As PCBs become more complex and the reliability requirements become more stringent, the need for precise and applicable industry specifications increases. Jan Pedersen, Elmatica, carries on the theme of testing, in this case discussing surface contamination, moisture sensitivity, and the importance of clear communications between designer and manufacturer.
Switching gears slightly, veteran columnist Mike Carano, RBP Chemical Technology, continues a discussion on surface preparation and cleaning that he began a few months ago. And Steve Williams, The Right Approach Consulting, brings to light the concept of “coopetition.” Not a misspelling but a word combo that should be very meaningful to our industry— and something I have seen happen many times over the years.
In March, Happy Holden participated in a seminar sponsored by the CPCA and I-Connect007. Seven presentations on the subject of automation were all geared towards PCB manufacturing. He has summarized it for us, along with some of the slides for illustration.
And last but not least, IPC’s John Mitchell puts in a plug for the upcoming IMPACT Washington, D.C. 2018, happening May 21−23. I’ve said it before and I’ll say it again, if you are a company executive you should be there to represent your company and the industry. Last year was the best year ever, with speakers and numerous meetings with senators, congressmen and top-level government officials from departments that are important to your business. I expect nothing less this year and believe me, there is never a better time than now to make your voice heard. Manufacturing is back in vogue and they are listening.
As we seem to speed through 2018, I can’t help wondering what 6G is going to look like! Next month, back to some nitty gritty when we explore a manufacturing area: wet processing. See you then! (P.S.—do I have to tell you to subscribe to our magazines and newsletters again?)
Patricia Goldman is managing editor of PCB007 Magazine. To contact Goldman, click here.
This article originally appeared in the May 2018 issue of PCB007 Magazine, click here.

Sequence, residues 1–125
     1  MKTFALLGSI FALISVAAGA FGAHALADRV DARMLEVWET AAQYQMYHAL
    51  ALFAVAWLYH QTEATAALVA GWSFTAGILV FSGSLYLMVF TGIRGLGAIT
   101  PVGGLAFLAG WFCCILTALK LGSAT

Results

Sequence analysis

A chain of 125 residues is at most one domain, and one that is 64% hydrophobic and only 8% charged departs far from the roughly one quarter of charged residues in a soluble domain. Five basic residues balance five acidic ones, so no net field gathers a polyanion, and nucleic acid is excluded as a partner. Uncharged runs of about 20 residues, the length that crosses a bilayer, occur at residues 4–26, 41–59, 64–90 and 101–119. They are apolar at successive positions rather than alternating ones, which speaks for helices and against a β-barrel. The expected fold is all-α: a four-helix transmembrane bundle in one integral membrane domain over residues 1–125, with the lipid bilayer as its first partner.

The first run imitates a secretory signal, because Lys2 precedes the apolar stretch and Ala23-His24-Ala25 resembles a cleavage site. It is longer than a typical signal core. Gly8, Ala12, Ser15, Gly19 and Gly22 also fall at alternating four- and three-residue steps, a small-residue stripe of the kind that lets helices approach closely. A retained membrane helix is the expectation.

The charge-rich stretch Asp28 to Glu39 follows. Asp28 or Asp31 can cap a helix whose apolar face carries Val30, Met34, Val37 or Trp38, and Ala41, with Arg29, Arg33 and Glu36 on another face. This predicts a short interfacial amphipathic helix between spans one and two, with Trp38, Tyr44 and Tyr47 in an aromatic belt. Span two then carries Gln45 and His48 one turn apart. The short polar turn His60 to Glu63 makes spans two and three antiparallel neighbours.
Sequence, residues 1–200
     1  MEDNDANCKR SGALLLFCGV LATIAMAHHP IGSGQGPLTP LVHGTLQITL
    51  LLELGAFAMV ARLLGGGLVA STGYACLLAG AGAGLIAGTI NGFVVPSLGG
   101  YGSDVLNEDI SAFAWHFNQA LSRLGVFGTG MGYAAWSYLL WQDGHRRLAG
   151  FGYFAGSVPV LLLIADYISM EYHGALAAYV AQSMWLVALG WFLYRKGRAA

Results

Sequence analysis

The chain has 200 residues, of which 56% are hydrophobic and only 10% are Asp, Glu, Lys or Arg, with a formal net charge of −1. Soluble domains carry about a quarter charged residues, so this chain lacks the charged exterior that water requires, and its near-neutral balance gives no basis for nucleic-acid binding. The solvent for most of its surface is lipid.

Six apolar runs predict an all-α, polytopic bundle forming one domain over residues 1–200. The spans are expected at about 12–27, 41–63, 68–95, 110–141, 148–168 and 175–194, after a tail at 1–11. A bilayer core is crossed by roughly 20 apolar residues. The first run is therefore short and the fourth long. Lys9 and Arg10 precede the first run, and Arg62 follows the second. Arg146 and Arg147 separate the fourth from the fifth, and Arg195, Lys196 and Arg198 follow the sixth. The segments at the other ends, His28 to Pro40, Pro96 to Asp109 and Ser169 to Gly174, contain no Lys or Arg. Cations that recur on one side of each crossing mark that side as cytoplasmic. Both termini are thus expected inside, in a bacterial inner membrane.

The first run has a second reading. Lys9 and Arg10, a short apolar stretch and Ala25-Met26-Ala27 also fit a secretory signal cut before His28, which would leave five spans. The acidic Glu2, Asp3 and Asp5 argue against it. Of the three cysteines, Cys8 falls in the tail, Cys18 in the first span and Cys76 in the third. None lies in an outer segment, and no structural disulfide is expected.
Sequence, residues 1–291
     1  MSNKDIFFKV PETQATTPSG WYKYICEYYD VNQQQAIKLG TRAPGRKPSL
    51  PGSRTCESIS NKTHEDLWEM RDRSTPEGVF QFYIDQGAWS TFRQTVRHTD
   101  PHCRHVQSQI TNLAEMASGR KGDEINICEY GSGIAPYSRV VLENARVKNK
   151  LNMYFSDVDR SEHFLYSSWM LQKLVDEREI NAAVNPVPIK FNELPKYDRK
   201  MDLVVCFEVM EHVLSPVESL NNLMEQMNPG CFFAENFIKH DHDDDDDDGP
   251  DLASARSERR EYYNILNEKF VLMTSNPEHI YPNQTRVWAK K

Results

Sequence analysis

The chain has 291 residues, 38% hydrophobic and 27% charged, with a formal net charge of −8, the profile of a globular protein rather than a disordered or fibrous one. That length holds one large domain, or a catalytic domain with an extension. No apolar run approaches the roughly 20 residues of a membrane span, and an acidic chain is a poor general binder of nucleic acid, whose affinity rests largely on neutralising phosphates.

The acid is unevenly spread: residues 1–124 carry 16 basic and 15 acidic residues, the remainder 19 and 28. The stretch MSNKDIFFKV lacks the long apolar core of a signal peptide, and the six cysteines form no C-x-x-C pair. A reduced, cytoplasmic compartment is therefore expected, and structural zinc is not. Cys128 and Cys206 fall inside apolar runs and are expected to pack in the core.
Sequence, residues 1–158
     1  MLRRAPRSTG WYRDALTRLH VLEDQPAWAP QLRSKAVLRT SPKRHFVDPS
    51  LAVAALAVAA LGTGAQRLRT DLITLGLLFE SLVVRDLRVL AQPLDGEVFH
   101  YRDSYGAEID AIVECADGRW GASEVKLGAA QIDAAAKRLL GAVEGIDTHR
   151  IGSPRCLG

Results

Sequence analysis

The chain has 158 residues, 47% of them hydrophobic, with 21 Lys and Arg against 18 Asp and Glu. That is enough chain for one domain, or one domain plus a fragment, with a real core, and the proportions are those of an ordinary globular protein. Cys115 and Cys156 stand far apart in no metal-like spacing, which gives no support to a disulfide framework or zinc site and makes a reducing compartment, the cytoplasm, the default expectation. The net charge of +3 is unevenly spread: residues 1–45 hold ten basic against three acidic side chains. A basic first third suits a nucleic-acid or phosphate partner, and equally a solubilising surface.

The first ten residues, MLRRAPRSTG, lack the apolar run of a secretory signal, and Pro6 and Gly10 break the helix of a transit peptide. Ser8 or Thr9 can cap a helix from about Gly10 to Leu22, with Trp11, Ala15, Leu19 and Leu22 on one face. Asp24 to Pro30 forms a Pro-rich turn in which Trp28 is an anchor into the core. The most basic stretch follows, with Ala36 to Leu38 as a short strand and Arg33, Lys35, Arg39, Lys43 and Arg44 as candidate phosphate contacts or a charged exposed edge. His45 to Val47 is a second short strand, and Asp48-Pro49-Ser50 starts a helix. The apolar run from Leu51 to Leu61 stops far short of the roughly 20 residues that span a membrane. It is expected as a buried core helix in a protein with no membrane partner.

Ciena, a U.S.-based networking systems, services and software company, is adding domestic manufacturing through an expanded agreement with global diversified manufacturer Flex.
Keysight Technologies, Inc. announces that Arbe has selected the E8719A Radar Target Solution (RTS) to test the Arbe 4D imaging radar chipset for automotive applications.
TT Electronics, a global provider of custom power solutions and engineered technologies, has announced that its Power and Control business has officially opened its new state-of-the-art research, development and manufacturing facility.
November’s issue of Design007 Magazine had an excellent theme that evolved around design simplification. There were exceptionally good articles about how to reduce over-constrained or needlessly complex designs. One significant time-consuming category is the creation of many design files and drawings which lead to lengthy creation and interpretation time along with the considerable time to resolve conflicting or erroneous information.
To sustain a standard of excellence, it’s equally important to look at both what we’re doing today as well as what we’ll do in the future. In other words, plan ahead. In that spirit, I thought it would be prudent to peek into the future and talk about what a printed circuit board fabrication facility with a “standard of excellence” will look like five years from now.